By Emily Le Coz/NEMS Daily Journal
TUPELO – Water samples independently pulled by the state from the North Lee County Water Association are safe, said Northern District Public Service Commissioner Brandon Presley on Thursday.
Presley said the Mississippi Department of Health collected six samples from the embattled water district Monday and tested them for bacteria. All samples came back clean.
“It’s good news,” he said.
The testing was done in the wake of allegations by North Lee employees that, among other wrongdoings, their former supervisor falsified water samples required monthly by the state for analysis.
That supervisor, Dan Durham, quit Thursday after being forced out by the association’s board of directors. Another employee, Daniel Vaughan, was named interim director.
Also stepping down Thursday was newly appointed board director Perry Whitaker, citing an inability to commit the time necessary to the position.
He had been selected by popular vote during a tumultuous meeting Tuesday after other longtime directors abruptly resigned.
The board has five members, but that number will grow to nine after an election for each position is held within the next 30 days.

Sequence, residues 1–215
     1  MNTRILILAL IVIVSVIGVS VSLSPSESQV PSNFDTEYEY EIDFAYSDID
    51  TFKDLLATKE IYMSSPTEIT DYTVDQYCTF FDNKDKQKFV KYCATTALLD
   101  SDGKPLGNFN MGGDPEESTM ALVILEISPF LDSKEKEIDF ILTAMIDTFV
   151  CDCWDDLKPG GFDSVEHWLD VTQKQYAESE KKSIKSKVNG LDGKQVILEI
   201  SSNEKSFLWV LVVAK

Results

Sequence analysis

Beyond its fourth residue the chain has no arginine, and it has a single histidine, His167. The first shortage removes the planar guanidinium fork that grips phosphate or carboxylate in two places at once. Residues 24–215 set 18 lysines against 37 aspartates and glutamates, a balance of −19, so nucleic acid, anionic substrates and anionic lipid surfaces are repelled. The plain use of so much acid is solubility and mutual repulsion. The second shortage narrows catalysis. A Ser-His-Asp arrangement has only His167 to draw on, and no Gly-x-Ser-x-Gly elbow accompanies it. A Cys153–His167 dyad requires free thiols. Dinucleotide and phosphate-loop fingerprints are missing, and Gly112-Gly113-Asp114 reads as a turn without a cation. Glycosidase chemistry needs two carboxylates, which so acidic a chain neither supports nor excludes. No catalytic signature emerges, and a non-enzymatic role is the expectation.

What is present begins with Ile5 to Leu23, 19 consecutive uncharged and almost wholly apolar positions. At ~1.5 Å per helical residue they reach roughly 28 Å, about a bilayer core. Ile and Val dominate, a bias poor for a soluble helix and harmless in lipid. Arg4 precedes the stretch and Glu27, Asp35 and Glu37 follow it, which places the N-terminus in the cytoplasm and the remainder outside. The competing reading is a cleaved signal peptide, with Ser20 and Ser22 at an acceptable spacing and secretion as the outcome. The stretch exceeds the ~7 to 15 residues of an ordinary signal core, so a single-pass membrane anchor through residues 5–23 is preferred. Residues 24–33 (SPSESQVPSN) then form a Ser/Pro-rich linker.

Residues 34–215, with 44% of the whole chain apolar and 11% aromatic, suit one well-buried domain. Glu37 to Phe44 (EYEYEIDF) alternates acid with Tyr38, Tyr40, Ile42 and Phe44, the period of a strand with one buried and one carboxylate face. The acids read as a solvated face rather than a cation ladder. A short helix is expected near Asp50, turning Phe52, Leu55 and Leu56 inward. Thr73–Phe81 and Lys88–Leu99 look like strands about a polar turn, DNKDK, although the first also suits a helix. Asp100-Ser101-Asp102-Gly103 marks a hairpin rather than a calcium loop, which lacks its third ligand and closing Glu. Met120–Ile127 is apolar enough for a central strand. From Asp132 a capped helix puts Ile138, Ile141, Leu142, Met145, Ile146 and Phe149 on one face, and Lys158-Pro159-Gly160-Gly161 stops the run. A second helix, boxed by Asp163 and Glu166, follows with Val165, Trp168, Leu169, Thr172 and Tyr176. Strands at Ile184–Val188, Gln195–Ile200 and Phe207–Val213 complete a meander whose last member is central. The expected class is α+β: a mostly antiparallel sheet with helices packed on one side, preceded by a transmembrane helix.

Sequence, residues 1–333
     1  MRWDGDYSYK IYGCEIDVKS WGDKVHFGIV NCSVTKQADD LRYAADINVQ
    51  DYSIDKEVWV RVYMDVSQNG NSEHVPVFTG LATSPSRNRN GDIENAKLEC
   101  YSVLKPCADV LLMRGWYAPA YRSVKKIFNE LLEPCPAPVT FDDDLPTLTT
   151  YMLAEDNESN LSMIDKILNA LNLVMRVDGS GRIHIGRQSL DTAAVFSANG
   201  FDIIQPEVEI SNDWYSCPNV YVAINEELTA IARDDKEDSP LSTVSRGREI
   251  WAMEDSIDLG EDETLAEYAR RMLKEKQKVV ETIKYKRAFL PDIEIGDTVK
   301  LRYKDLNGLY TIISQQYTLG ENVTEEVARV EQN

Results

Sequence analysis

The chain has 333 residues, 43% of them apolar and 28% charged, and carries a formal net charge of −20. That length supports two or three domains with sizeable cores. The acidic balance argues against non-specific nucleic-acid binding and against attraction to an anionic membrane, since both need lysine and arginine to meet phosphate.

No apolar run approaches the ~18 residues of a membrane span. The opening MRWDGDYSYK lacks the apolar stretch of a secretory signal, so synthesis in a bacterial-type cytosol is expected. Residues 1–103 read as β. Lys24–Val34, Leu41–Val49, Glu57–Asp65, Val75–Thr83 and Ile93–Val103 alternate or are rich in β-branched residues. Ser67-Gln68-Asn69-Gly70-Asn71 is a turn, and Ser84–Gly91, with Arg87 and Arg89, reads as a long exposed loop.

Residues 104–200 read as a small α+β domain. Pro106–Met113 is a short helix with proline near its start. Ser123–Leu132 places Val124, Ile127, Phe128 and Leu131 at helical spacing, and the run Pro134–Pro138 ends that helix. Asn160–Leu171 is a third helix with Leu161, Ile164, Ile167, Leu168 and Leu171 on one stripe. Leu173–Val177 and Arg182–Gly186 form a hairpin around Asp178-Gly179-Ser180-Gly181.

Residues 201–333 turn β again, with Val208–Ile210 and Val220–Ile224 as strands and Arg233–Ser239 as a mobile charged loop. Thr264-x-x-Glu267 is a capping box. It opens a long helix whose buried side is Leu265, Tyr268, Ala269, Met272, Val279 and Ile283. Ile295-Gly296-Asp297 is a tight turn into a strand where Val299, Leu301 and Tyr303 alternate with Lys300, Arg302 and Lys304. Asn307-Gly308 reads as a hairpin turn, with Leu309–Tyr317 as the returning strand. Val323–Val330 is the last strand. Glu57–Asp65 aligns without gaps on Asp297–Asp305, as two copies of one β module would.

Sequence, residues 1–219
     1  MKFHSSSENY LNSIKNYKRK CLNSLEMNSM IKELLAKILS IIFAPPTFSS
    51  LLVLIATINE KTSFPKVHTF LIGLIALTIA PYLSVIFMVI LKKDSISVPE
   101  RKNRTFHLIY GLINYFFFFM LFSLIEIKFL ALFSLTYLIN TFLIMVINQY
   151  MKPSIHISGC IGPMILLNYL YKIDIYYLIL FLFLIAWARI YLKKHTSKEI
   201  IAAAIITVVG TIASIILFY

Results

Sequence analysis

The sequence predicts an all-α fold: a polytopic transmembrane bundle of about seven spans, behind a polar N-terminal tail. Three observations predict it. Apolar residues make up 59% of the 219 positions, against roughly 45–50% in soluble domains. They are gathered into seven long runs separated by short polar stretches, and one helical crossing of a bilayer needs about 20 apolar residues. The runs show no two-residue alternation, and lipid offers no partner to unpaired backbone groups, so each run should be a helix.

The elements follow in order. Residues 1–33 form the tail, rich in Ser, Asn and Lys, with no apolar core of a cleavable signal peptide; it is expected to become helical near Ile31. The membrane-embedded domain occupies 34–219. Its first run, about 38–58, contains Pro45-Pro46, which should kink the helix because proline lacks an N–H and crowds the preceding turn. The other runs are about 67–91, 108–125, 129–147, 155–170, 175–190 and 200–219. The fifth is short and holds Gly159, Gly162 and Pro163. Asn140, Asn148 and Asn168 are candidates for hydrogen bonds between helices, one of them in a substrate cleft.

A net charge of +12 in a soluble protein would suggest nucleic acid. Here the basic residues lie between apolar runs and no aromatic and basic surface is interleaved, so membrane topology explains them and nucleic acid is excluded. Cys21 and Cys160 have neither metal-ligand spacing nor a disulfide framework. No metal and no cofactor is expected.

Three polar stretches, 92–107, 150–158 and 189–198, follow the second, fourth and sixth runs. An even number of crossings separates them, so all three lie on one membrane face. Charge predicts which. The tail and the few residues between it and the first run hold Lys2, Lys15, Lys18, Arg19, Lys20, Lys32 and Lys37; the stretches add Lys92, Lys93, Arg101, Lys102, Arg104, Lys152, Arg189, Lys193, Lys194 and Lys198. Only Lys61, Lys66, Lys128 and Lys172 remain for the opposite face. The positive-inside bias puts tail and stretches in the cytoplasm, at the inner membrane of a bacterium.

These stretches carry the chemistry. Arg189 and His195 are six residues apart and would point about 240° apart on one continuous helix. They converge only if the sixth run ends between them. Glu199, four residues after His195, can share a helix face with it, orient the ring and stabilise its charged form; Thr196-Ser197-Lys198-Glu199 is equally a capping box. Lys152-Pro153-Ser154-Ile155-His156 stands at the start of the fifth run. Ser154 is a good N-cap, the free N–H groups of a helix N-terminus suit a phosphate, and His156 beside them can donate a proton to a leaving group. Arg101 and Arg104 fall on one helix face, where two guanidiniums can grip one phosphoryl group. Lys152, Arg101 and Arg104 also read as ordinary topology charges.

The state’s independent test results mean that, despite North Lee water’s sometimes murky, foul-smelling or grainy appearance, it’s free of harmful bacteria and OK for consumption.
But the testing isn’t over. Samples from 35 different sites across the association’s seven water systems will be gathered under the watch of the Public Service Commission and Mississippi Rural Water Association.
The process began Thursday and was suspended because of a boil water alert issued in its Friendship area.
Collections will resume today.
As investigators watched, North Lee’s part-time certified operator, Ron Ragland, tromped from one customer’s house to the next on Thursday, cleaning outside faucets with rubbing alcohol and popping on a specialized spigot before running water into sterilized plastic jars.
One set of samples from each site will be sent to the health department for bacteria tests; another set were analyzed on the spot to gauge chlorine levels.
Chlorine levels at several sites read below the acceptable amount and the system’s levels had to be adjusted.
“Low chlorine does happen,” said MSRWA State Circuit Rider Randy Turnage. “It could lead to something growing in the water.”
Ragland was hired by the association in 2007 to oversee water collection, well inspection and other technical matters.
He serves as a part-time consultant, though, and most of the day-to-day work had been performed by Durham.
“Our No. 1 concern is that these water samples are taken correctly and by state Health Department rules,” Presley said. “We want to make sure the water is clean and safe. That’s the top priority now.”